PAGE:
The Politics of Individualism: Liberalism, Liberal Feminism & Anarchism // Review
Brown, L. Susan, Resources for Feminist Research
Here is an author who became entranced with anarchism after reading an essay by Emma Goldman while an under-graduate. She was "disillusioned with the broken promises of [her] liberal upbringing" and Goldman captured both her "heart" and her "mind."
Her discovery of anarchism, at first seen by her as completely compatible with Marxism, led her to practical involvement with the anarchist movement in Toronto. At the same time she became involved with feminist studies. Here too she found disturbing trends towards ideological repression. These experiences led ultimately to a decision to undertake a critical consideration of the political philosophy of liberal feminism.
In her thesis Brown uses a framework which enables her to explore the contradictions in liberalism between what she calls existential and instrumental individualism. She then argues that if liberalism's instrumentally competitive aspects were replaced with free and voluntary association, anarchism would be the result. Her simple definition of anarchism is that it is a way of organizing society to best allow for the free expression of individuals.
From the start I felt a little uneasy about this somewhat simplistic notion. What about the dangers of individualism? What about "no one is an island?" After all, Brown wishes us to gain fresh insights into certain social movements-in particular, feminism-in order to bring liberation closer. She argues that we will never understand the true nature of the individual while we live with constraints. By removing the bonds of political, social and economic domination we will begin to define for ourselves what freedom and nature really are. So her work is analysis, description and prescription.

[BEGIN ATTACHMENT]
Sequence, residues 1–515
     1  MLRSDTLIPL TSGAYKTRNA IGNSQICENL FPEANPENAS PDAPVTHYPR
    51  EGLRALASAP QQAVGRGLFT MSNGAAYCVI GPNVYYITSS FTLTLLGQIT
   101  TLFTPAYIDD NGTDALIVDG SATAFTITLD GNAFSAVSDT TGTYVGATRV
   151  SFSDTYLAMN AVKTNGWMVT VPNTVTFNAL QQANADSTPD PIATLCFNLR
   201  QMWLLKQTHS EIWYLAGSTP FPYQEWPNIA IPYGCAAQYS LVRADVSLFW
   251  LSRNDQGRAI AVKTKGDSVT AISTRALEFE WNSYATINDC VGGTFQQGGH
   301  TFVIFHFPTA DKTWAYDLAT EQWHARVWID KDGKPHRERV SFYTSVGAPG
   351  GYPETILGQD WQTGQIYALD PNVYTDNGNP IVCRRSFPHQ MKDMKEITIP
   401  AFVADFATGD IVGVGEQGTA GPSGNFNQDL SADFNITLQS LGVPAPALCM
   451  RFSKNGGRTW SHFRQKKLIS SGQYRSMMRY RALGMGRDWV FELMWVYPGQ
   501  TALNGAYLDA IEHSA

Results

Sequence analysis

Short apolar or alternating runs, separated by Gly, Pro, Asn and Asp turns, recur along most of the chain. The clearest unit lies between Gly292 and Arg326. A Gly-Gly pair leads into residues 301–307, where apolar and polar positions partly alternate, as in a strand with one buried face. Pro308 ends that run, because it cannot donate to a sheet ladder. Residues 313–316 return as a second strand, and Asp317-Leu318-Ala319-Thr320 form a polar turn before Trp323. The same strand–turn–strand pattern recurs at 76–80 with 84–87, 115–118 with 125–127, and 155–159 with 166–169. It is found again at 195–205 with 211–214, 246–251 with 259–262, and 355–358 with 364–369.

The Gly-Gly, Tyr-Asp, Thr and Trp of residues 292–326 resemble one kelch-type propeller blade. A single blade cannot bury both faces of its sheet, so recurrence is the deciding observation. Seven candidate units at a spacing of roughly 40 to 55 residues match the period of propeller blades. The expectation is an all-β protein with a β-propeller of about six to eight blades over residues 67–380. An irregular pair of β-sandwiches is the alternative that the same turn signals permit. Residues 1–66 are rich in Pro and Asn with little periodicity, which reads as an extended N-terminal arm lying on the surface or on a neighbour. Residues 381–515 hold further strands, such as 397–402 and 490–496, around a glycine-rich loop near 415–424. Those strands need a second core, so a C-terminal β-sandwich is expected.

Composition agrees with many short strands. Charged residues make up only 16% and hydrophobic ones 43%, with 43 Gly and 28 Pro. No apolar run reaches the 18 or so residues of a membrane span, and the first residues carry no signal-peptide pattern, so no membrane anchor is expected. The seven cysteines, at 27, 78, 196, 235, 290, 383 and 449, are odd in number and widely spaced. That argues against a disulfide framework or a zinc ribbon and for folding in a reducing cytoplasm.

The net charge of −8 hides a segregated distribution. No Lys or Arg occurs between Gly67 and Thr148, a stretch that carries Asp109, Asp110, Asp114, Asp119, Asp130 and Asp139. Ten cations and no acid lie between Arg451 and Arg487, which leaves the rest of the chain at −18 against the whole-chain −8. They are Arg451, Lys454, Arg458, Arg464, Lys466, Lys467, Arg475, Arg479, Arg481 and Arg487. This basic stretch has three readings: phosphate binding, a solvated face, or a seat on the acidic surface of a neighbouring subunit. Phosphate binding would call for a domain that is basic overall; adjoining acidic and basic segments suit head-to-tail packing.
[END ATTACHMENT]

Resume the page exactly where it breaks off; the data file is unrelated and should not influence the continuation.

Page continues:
In her analysis of liberal individualism she looks first at Marx and Marxism and the authoritarian tendencies which have plagued the political movements based on Marxist ideology. In liberalism, however she finds an important link with anarchism: both share a commitment to individual autonomy and self-determination. But here the similarity ends. Anarchism is committed to the primacy of individual freedom while the property relations of liberalism ultimately lead to domination and exploitation. Because the existentialists came closest to developing the notion that individuals are best able to determine their own existence, Brown calls this kind of anarchist individualism, existential individualism. The liberal belief in property, both real and in the person, leads on the other hand to objectification of the individual and therefore to a negation of individual will. Under this system one person gains freedom at the expense of, or by using, another. This Brown calls instrumental individualism. Freedom becomes a means to an end, maybe an exploitative or dominating end, rather than an end in itself.
Brown finds the same contradiction in liberal feminism as she finds in liberalism generally. On the one hand feminists argue for self-determination, on the other they want women to take their place beside men in the competitive, and therefore exploitative, labour market. …